Joseph Biden: a frank and abiding faith
How Catholic ideals of fighting the abuse of power have shaped the life and politics of the presidential hopeful.
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Issues of faith also played in his decision to draft the 1994 Violence Against Women Act and to prevent genocide in the former Yugoslavia – both instances of abuse of power, he says. "My interest in the breakup of the former Yugoslavia started with a very persistent monk," writes Biden in his recent book. The monk, a Roman Catholic from Croatia, briefed Biden on what ethnic Serbs were doing to Catholic shrines in the former Yugoslavia. He says the conversation, and subsequent visits to the region, sparked his interest in how the US should respond to abuse of power in the region.Skip to next paragraph
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It's an ongoing theme in his foreign-policy judgments. In his recent speech before the National Press Club, Biden described his visit to a refugee camp in Chad, where tens of thousands of people had been forced to flee their homes in the Darfur region of the Sudan. Young families swarmed him, he said.
"I saw in their eyes the same look I'd seen just a few days earlier in Iraq among the Shiites who no longer had to hide from Saddam Hussein's Baathist thugs who had killed well over 100,000 of them in decades before," he said. "It was the look of hope and expectation, as if America could make a difference in their lives."
Iraq war vote
Despite strong opposition to the war in Iraq from both the Vatican and the US Conference of Catholic Bishops, Biden voted in 2002 to support the use of force in Iraq.
"Joe Biden is one of the most sincere Catholics I've known in my 40 years as a priest," says Monsignor William Kerr, executive director of the Claude Pepper Center at Florida State University. The two men met by chance outside Biden's Senate office and began a conversation on faith and politics that has continued nearly 30 years. Monsignor Kerr recounts a conversation with Biden on Pope John Paul II's efforts to discourage President Bush from going to war in Iraq. He says that Biden told him: "I just have to tell you the pope's wrong on this, I'm going with the president. That was morality, this is politics."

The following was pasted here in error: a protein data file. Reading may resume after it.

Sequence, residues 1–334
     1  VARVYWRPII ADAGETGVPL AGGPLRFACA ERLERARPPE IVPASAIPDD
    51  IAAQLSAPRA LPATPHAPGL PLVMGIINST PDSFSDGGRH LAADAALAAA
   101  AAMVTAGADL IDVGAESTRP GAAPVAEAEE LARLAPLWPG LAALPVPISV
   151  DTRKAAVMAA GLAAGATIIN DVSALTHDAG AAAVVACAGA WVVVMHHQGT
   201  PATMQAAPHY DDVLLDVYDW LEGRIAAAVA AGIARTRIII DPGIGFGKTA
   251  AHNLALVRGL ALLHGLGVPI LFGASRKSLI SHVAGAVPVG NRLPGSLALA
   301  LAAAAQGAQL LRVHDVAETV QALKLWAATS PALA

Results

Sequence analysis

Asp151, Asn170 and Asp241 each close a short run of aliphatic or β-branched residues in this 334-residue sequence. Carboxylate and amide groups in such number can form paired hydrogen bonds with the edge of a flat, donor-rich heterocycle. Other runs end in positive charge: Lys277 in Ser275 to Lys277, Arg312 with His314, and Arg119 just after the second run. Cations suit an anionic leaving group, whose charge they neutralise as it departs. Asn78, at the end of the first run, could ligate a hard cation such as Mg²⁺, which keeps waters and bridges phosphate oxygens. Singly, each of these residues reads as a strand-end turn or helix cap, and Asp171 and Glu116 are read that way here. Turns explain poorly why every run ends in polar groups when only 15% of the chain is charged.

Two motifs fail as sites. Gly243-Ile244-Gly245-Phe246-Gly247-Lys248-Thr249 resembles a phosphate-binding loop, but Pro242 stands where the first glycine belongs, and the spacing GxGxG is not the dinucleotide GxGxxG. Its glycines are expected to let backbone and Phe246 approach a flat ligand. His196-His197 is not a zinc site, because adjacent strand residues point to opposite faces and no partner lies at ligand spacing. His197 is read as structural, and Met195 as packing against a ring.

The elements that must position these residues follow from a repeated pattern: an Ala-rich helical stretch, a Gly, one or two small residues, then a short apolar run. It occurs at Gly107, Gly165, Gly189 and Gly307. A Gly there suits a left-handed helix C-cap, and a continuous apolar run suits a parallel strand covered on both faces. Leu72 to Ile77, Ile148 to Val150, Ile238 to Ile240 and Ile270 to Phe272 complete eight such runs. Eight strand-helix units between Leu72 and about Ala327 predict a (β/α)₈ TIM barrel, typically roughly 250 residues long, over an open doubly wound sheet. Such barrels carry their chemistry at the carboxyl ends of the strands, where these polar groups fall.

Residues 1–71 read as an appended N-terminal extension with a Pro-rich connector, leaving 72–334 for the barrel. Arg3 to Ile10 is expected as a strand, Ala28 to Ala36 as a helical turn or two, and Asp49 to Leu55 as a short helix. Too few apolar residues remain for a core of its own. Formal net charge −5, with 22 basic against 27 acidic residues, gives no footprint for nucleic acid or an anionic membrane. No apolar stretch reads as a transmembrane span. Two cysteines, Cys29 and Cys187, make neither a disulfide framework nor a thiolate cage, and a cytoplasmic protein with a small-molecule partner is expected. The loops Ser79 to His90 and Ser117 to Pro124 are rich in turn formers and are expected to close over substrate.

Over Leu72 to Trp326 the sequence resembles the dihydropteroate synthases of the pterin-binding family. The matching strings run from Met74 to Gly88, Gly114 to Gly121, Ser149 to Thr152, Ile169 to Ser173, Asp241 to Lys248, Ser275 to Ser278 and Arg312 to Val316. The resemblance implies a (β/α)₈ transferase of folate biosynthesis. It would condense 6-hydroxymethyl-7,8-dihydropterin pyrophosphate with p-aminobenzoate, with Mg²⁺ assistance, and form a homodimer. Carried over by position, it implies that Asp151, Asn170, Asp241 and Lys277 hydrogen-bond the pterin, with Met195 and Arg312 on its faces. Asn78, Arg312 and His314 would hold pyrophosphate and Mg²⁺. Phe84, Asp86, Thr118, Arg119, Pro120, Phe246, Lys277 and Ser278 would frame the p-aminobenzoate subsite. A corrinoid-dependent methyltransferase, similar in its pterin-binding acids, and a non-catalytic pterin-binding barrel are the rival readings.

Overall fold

Looking back on this decision, he writes, "I made a mistake." He had "vastly underestimated" the incompetence of the Bush administration in its conduct of the war. The "fantasy" of remaking Iraq in the US image was a goal that could not be imposed on a "fragile and decimated country," he writes in his new book. Instead, Biden proposes a partition of Iraq along sectarian and ethnic lines to help restore security for Iraqis – and more robust international diplomacy to help sustain it.
Meanwhile, left-leaning Catholic groups aim to expand the debate in 2008 from the church teaching on abortion to Catholic values on social justice and war.
"There are those who say that Catholics should be robots: There's a formula, and if we don't follow that formula, we shouldn't present ourselves for communion on Sunday morning, says Chris Korzen, executive director of Catholics United. "That's an absolute misuse of Catholic teaching," he says, referring to the call of several Catholic bishops in the 2004 campaign to deny communion to Senator Kerry and other Catholic politicians who did not vote in line with Vatican teachings on abortion.
Without taking a position on how Catholics should vote, Biden makes a case for staying connected to the church and its culture. "If I were an ordained priest, I'd be taking some issue with some of the more narrow interpretations of the Gospel being taken now," Biden says. "But my church is more than 2,000 years old. There's always been a tug of war among prelates and informed lay members."
Biden is troubled, too, by ongoing sexual-abuse scandals involving children within the church. But he says his commitment to church remains unchanged. "This is my church as much as it is the church of a cardinal, bishop, or janitor, and I'm not going anywhere," he said. I care a great deal about my faith."
• The first two articles in this series, on Sen. Barack Obama and former Gov. Mitt Romney, appeared July 16 and Aug. 9.